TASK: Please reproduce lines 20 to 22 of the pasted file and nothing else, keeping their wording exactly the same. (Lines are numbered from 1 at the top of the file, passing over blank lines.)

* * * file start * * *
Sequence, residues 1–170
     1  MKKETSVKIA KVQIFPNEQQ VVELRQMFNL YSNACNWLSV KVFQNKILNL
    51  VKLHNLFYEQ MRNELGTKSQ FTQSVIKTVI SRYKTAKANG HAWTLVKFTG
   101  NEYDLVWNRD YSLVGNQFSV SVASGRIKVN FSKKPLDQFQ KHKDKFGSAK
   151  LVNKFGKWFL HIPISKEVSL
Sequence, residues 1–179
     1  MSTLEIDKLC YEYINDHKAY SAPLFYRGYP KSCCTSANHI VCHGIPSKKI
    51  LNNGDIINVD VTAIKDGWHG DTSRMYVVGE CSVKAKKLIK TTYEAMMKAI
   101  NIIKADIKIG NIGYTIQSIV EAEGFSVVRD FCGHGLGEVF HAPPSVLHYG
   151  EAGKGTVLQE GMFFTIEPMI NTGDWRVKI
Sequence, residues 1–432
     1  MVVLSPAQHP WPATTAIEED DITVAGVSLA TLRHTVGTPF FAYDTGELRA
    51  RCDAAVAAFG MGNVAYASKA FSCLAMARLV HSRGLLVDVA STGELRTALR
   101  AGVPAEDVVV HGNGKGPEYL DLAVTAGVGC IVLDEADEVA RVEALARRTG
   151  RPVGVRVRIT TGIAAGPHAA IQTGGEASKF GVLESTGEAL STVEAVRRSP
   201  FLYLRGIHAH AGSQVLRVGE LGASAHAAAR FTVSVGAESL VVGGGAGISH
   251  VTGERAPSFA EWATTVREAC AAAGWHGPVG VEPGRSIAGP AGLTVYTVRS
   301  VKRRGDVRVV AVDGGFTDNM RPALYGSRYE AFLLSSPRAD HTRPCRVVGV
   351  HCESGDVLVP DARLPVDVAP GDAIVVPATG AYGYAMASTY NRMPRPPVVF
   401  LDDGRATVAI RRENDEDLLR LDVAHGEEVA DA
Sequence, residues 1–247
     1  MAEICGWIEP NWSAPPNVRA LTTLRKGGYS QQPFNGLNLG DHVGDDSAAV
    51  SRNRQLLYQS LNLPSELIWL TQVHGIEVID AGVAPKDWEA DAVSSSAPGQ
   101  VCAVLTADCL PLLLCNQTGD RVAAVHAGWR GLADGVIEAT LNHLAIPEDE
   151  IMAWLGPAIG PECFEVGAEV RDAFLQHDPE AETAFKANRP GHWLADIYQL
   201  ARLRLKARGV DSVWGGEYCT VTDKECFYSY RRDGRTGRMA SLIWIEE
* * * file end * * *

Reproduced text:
   401  LDDGRATVAI RRENDEDLLR LDVAHGEEVA DA
Sequence, residues 1–247
     1  MAEICGWIEP NWSAPPNVRA LTTLRKGGYS QQPFNGLNLG DHVGDDSAAV